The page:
Boars Everywhere: Climate Change is Boosting Wild Pig Populations
When wildlife experts discuss climate change, they usually are talking about the worrying decline of one species or another. This, however, isn't the case for European wild boars. New research has found that these pigs have enjoyed significant population growth starting more than three decades ago, and they have a warming world to thank for it.
That's at least according to a study recently published in the journal PLOS One which details how wild boars (Sus scrofa) have been gaining ground across Europe since the early 1980s.
According to wildlife biologist and first author of the study Sebastian Vetter "it is not so easy to determine the number of wild boars in Europe." That's largely because the quick and skittish animals usually frequent dense and overgrown forests where beechnuts and acorns, hearty staples of their diet, can be found.
However, in the recent decades, more and more boars have wound up as road kill and in hunting bags - a strong indication that local populations are growing and gaining ground. (Scroll to read on...)
To find out what's going on here, Vetter and his colleagues collected boar population estimates from twelve European countries. These records were then compared with temperature and precipitation data, with some information reach back to 150 years ago in some regions. They identified a clear trend.
"There is a sharp increase in the number of wild boars after mild winters," Vetter said in a recent statement.
According to the researcher, this is primarily due to the fact that these wild pigs burn a great deal of energy to stay warm. After long and cold winters, surviving boars have less stored energy available for production and the rearing of offspring. Like with many mammals, harsh winters also cull the weakest young. This is why Vetter and his team suspect that climate change, with its warming net temperatures, is having an impact on how many piglets survive.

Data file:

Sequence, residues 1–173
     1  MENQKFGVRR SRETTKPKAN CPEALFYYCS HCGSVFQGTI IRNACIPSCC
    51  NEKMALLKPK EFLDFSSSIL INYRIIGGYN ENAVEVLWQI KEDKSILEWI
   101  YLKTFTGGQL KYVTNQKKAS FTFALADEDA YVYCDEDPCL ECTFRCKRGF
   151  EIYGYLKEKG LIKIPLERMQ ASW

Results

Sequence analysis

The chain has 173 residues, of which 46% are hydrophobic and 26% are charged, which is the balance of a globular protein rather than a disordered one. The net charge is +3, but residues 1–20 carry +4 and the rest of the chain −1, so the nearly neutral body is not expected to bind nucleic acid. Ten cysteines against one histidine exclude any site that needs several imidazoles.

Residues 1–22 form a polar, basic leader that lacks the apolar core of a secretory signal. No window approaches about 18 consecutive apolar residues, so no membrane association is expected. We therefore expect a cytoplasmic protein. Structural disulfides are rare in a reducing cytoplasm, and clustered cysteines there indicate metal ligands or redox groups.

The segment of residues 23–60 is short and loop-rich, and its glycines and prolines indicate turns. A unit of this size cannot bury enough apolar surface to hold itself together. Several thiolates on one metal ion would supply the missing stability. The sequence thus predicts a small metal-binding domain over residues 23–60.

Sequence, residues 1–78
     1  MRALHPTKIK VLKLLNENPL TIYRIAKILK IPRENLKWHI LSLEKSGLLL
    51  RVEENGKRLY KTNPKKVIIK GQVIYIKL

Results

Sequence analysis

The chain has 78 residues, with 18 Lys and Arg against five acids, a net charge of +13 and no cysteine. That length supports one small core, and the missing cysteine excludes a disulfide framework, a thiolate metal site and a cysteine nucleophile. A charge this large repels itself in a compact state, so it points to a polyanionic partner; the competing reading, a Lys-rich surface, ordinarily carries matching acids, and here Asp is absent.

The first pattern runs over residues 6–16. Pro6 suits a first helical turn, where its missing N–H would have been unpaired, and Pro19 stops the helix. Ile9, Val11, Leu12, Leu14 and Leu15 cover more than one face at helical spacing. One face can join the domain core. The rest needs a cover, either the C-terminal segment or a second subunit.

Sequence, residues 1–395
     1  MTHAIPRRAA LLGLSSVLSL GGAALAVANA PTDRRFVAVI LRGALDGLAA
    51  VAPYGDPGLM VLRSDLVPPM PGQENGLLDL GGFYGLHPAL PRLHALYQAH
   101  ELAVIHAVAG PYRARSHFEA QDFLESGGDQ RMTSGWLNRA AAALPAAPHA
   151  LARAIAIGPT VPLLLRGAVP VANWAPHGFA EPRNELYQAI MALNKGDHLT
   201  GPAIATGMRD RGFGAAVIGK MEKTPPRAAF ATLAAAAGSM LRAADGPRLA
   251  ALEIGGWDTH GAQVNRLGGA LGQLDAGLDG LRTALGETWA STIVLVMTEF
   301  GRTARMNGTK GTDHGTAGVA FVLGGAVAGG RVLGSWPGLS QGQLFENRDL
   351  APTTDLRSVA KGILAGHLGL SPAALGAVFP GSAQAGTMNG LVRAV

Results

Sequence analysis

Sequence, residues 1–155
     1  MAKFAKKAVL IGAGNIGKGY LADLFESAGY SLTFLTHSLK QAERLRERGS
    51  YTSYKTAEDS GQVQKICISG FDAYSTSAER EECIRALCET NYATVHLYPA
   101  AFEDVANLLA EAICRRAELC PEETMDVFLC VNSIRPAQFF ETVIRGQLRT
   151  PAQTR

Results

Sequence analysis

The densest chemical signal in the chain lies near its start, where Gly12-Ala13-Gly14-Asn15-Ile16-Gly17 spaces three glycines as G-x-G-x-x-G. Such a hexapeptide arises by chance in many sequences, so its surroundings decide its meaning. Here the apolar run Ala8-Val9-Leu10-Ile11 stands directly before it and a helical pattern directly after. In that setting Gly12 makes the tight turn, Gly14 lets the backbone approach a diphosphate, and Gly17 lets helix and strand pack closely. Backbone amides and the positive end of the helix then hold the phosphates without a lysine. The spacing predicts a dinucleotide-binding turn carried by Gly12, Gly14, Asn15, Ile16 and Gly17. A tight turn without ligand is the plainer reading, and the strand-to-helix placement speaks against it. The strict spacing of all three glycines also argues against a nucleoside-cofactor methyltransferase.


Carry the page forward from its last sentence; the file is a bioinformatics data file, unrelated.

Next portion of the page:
"As mild winters are becoming more frequent, also wild boar populations are growing exponentially," he said. (Scroll to read on...)
However, the investigators are careful to add that it's not just warmer winters that the boars should be thankful for.
Experts have long known that boar populations briefly spike in the wake of mast years - when trees bear a larger haul of nuts than usual. According to past surveys, these mast years used to be far and few between; however, experts have determined that in the last couple decades, these irregular mast years have become increasingly frequent, potentially because of warmer summers. What this means for boars is more energy to go around, helping them even through harsher winters.
The climate of these key winters and summers may even have a lasting impact on the size of boars in any one area. In fact, in a warming world, Europe may begin to see a lot more tiny porkers running around.
"Wild boars in the south are smaller than those in the north," Vetter added. "Being small is unfavorable in the cold but thermoregulatory beneficial during hot summers. Regionally differing body size of wild boar is the reason why population growth began virtually simultaneously throughout Europe, despite considerable differences in winter temperatures."
And while this may be some welcome news for hunters looking to bag some bacon, it's pretty bad news for farmers. Trapping and crop security has become more and more essential in fields that are regularly raided by these pillaging porcine. Thus Vetter and his colleagues argue that keeping tabs on wild boar populations will prove paramount to wildlife and resource management in the years to come.
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